Someone once said ?Architecture should be both didactic and delightful.? I have always found this premise to be particularly insightful, especially for residential architecture. One of the most fundamental truths at work in all good architecture is that it has always been more about the making of ?place? than the making of a building. This concept and how well it has been executed is the lens through which we view all of architectural history. Buildings as diverse as the Parthenon, Monticello and Falling Water give us a unique understanding of this idea as well as their own cultural moment in time. The practice of residential architecture is the study of how to delineate our own innate sense of ?place? throughout the project at a multiple of scales. How a building accomplishes this within the larger landscape differs from how this is achieved within the spacial framework of rooms that will become one?s home. Buildings will usually seek to establish this premise through their position, orientation, use of unique landscape features and topography, as well as the entrance and arrival sequence developed in their overall site design. Rooms should try and convey their own identity and sense of ?place? within the whole while simultaneously dovetailing the building to the landscape. They are most successful when they initiate a dialogue of light, intimacy and function built around the individual lives of their inhabitants, so as to imprint a more meaningful human scale on the home. I suppose the delightful part comes for both the client and the architect when they realize the home they have created together has been able to facilitate this conversation between a family?s life together and their surroundings. Since founding my architectural practice in 1987, I have focused exclusively on residential architecture and design. Although most of my work has been in Monmouth County, New Jersey, I have recently completed a new home in Charlotte, North Carolina ? the third residential project I have undertaken for the same client. While I have over thirty years? experience across a broad range of building types and historical styles, what has remained at the core of my practice is trying to find that resonance between architecture and the lives of the people I work for. If you are considering a new home or alteration and would like to engage in a creative and collaborative process with your architect, I would be very interested in hearing from you.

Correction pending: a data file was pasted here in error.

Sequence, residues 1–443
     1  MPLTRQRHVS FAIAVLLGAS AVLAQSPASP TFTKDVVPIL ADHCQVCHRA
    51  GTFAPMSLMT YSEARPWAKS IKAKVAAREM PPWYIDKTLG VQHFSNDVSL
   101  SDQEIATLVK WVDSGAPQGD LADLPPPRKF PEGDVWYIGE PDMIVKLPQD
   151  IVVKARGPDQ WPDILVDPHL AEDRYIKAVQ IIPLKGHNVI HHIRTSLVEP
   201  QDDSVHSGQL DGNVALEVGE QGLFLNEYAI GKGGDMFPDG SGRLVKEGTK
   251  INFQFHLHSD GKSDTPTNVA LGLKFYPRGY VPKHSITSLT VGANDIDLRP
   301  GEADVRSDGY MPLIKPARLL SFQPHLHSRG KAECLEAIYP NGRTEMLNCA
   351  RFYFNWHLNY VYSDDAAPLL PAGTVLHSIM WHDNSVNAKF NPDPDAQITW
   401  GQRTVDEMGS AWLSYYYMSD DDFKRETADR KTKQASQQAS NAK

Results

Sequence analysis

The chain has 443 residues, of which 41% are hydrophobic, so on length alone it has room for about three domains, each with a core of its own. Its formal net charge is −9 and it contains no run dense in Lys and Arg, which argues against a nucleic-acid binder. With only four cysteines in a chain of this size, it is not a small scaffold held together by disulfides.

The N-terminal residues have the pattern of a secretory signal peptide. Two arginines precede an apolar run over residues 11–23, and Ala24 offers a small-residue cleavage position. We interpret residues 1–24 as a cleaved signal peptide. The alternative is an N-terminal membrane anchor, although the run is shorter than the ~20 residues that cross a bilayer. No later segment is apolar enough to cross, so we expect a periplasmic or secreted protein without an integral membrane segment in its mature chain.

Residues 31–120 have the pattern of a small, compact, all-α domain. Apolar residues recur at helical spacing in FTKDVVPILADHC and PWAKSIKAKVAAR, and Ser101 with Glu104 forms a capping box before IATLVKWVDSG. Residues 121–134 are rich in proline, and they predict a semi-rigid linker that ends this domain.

All aspects of residential design, including, but not limited to zoning review, programdevelopment, schematic design, complete construction documents, as well as renderings and model building.
All areas of New Jersey and North Carolina
Certifications and Awards
Member of the National Council of Architectural Registration Boards (NCARB)